Thanks Kt! My idea is that here is a great livelihood and a fantastic way to make money that one absolutely ruins (for money making) by making it a free service or at the least some sort of vague barter, I'll do what I can for you now if you'll do whatever you can for me whenever you can.

If we could start by getting folks to do at least this first as a 'sacrifice for other Xtians', it's not too big a stretch to get them to then see that it is actually an obligation that falls squarely under God's desire that one could "love your neighbor..." Or so I thought!

samlcarr said...

It is also a thought that what is being touted as medical care In the U. S. of A. really isn't. Just look what happens to your healthcare under stress (e.g. Katrina).

There's a great business flourishing in India providing state-of-the-art healthcare to Americans (without insurance) and Britishers (who would die if they waited for the NHS to do it).

ktismatics said...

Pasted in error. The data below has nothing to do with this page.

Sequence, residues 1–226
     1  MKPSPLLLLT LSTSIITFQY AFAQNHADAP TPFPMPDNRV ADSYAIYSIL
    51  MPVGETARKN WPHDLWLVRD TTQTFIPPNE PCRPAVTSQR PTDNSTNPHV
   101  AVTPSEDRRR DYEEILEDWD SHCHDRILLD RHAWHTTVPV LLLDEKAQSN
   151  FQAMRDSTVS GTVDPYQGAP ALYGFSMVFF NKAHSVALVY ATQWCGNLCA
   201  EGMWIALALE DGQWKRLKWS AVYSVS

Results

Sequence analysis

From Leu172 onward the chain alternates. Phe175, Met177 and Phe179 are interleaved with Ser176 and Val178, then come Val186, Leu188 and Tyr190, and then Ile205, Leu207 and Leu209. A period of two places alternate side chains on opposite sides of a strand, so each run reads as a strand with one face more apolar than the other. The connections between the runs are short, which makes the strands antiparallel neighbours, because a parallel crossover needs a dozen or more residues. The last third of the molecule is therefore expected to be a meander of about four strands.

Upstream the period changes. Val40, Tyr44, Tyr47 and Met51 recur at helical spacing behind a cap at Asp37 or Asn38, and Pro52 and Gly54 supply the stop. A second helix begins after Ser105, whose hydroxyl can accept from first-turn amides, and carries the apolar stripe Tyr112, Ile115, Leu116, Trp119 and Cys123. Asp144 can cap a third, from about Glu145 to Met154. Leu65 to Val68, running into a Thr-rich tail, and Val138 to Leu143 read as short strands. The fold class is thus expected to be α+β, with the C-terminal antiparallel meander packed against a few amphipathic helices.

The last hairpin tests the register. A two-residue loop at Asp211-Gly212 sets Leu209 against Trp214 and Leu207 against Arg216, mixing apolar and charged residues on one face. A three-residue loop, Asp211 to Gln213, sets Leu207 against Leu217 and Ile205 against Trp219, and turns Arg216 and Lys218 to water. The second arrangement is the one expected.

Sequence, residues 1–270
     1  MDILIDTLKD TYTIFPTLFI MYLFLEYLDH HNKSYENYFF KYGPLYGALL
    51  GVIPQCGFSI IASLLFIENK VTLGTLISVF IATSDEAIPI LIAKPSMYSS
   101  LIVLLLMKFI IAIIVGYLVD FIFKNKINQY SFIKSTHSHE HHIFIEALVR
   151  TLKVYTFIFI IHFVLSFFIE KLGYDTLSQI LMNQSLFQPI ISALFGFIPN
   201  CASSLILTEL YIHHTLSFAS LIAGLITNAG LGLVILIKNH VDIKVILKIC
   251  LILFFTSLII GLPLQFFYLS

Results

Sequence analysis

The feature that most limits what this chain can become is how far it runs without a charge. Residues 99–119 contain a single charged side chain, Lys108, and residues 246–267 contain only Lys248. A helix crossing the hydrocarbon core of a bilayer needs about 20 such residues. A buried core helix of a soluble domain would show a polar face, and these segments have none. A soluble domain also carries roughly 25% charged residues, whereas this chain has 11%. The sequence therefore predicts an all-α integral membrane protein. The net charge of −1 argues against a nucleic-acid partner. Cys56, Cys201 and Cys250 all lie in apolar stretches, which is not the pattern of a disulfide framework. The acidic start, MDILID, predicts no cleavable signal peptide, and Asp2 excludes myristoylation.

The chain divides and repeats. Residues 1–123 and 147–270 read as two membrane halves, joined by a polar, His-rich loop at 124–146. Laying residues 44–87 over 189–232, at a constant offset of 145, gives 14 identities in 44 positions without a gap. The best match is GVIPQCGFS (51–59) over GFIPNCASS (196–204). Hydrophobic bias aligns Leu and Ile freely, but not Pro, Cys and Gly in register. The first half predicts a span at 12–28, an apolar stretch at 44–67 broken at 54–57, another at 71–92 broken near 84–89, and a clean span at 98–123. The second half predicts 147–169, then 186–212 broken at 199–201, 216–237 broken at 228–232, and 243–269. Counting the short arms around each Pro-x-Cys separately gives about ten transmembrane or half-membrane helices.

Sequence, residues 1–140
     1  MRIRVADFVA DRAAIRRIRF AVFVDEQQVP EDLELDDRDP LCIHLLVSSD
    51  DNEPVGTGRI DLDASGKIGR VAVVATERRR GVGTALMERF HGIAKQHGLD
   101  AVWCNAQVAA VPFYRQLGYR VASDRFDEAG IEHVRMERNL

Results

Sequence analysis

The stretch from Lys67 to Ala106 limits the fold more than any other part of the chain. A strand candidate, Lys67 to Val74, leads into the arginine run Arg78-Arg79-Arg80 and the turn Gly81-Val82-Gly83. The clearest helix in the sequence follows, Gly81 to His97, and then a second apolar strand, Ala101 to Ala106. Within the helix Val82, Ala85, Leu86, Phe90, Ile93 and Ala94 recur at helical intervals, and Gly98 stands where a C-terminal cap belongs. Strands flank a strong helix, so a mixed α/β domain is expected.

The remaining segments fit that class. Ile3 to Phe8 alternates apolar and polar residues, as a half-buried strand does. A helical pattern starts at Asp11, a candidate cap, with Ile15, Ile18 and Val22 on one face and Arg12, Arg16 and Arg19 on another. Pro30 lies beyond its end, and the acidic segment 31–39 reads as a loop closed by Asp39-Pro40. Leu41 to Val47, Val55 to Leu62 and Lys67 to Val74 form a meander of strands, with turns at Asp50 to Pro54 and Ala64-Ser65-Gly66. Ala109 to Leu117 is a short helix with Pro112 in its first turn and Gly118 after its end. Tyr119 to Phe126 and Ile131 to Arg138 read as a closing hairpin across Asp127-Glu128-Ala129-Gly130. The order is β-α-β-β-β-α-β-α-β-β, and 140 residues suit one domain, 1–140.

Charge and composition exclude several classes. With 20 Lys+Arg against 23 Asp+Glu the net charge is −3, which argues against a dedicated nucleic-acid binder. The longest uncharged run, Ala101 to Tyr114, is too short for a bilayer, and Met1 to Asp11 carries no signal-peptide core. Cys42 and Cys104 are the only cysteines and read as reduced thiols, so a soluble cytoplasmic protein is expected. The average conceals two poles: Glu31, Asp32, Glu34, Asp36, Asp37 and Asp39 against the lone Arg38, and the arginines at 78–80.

The French go to Tunisia for low-cost high-quality care, mostly for elective treatments like cosmetic surgery. France has the top-rated healthcare in the world: access is great, and costs are very low compared to the US even if you aren't in the system and pay cash. It cost me 21 euros ($27) for a visit to my general practice doctor -- that's not just the copay, but the whole fee. A friend in Chicago had a treadmill stress test that cost something like $3,400; mine (on a stationary bicycle of course!) cost under $100. Plus the cardiologist wrote up the results on the spot and handed them to me.

Doctors in France have no nurses, no receptionists, practically no paperwork (the only payment plans are the government and cash, and they keep automated medical records), plus they don't make much more money than anybody else. Prescription drugs are really cheap too -- I guess the government is a tough negotiator with the pharmas.

samlcarr said...

Sorry Jon, we're way off topic now.
I wonder why Michael Moore didn't take a jaunt over to France. Freedom Fries indeed!